Toyota suspends workers at India plants over unrest

BANGALORE, India (AFP) - Toyota has suspended 17 workers at its Indian auto assembly plants, which were temporarily closed this week following protests against delayed pay rises, a union and company official said on Thursday.

The workers were suspended for misconduct and indiscipline over the protests at the two factories in southern India, which the company says included threats against management and deliberate assembly-line stoppages.

"The suspended employees are all members of the union. The lockout was declared more due to indiscipline than on wage hike demand, though it all began with that," a company official in the city of Bangalore told AFP.

A union representing the workers demanded Toyota immediately withdraw the suspensions, saying there had been no official warning beforehand as required under labour laws.

Toyota Kirloskar Motor Union president Prasanna Kumar said it was willing to continue to work with the company and the state labour commissioner to resolve the dispute.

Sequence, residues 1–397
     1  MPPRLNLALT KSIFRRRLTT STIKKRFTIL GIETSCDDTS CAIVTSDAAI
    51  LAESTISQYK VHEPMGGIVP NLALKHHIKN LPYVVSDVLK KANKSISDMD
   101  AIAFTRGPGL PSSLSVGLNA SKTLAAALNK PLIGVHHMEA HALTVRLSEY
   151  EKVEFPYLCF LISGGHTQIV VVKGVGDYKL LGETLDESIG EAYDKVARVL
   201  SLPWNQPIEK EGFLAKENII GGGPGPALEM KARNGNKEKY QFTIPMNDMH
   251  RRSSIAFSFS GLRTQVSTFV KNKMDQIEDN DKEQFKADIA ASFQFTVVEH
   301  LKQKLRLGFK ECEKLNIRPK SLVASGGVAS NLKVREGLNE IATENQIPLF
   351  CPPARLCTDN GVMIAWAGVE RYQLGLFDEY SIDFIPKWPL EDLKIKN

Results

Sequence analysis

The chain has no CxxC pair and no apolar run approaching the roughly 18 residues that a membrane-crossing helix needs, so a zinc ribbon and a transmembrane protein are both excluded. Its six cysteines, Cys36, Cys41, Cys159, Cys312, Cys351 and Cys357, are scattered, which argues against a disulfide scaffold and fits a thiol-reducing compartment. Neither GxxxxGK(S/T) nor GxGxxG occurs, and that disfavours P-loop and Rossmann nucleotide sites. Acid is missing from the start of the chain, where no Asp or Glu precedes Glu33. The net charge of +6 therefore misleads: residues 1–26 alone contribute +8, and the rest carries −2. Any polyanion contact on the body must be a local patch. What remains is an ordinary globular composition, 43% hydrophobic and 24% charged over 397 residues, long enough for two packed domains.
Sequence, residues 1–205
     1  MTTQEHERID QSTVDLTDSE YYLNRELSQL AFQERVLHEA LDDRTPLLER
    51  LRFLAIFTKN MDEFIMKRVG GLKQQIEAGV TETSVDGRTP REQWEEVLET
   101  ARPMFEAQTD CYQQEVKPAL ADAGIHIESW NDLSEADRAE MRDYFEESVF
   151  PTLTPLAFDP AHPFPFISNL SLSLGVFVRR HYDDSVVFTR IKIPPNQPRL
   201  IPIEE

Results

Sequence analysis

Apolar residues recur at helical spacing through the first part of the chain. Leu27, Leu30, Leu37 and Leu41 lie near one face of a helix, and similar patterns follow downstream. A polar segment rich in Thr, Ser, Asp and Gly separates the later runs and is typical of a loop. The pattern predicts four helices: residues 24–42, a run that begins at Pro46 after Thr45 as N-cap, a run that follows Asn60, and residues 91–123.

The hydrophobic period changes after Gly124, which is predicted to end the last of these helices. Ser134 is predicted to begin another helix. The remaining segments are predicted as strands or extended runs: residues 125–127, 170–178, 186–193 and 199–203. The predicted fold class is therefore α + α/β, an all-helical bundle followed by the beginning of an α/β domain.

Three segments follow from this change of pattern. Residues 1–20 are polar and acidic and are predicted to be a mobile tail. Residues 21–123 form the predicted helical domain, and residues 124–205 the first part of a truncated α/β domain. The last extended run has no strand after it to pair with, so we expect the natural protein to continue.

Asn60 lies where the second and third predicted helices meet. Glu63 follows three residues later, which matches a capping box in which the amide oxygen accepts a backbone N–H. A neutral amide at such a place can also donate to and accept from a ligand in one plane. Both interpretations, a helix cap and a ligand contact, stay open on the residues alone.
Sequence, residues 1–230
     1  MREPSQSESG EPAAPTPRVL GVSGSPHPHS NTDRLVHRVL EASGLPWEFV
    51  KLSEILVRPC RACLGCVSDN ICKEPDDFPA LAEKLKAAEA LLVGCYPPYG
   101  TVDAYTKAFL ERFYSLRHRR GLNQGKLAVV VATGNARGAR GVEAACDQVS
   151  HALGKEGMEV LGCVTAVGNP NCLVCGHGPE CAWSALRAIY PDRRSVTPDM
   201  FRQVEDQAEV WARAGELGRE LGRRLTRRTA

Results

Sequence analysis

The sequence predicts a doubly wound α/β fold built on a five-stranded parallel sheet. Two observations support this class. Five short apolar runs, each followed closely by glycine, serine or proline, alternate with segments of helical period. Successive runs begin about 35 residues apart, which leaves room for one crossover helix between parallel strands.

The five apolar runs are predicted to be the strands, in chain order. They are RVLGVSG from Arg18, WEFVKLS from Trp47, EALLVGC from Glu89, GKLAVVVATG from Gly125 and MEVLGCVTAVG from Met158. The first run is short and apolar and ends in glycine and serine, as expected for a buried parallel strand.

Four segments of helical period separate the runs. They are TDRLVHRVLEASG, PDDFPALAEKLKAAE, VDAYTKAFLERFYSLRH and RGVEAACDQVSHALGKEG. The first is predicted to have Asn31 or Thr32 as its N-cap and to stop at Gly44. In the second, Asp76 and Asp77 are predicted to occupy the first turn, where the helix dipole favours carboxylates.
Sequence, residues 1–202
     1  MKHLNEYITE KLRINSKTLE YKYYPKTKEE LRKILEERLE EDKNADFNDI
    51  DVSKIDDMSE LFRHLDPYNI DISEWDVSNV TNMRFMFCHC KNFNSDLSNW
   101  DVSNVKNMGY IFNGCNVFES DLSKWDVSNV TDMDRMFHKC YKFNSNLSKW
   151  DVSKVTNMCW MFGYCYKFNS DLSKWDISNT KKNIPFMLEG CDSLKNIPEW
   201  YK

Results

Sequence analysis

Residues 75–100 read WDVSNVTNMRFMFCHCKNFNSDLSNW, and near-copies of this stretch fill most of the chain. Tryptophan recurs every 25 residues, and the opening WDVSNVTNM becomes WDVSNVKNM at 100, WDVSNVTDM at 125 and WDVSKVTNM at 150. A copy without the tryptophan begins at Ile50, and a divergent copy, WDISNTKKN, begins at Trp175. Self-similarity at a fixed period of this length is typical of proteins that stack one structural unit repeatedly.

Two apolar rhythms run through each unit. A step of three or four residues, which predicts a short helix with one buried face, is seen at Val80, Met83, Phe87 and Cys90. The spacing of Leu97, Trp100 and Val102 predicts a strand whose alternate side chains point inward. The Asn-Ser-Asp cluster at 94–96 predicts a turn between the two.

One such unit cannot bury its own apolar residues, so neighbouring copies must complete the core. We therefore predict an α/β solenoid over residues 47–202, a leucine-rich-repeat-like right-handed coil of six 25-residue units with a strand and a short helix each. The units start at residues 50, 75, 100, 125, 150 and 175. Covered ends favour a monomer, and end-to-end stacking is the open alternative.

"There was no charge-sheet against them as per the state labour laws prior to suspension. We have sought the state government's intervention for lifting the lockout and withdrawing the suspension orders," Mr Kumar told AFP, adding the union was notified late Wednesday of the suspensions.

The world's biggest automaker said on Monday it was suspending production at the factories which employ about 6,400 workers near Bangalore after efforts to hammer out a labour deal failed.

Toyota said some employees had resorted to deliberate stoppages of the production line, abuse and threats to supervisors and continuous disruptions to business for the past 25 days.

Company and union officials had been trying to sign a new contract for the past 10 months, with the government helping mediate negotiations.

The two factories produce about 310,000 autos annually in a range of models including the flagship Camry sedan, the Corolla and the Prius hybrid, mostly for the domestic market.

The strife at the factories comes after unrest at other Indian car plants.

A riot in 2012 at Maruti Suzuki's Manesar plant near New Delhi saw workers chase supervisors with iron rods, killing a personnel manager and injuring close to 100 other managers.

The riot, which workers' representatives at the time said was caused by unhappiness over wages and working conditions, saw India's leading carmaker by sales lock out workers for a month and cost it some US$250 million (S$316.5 million) in lost production.

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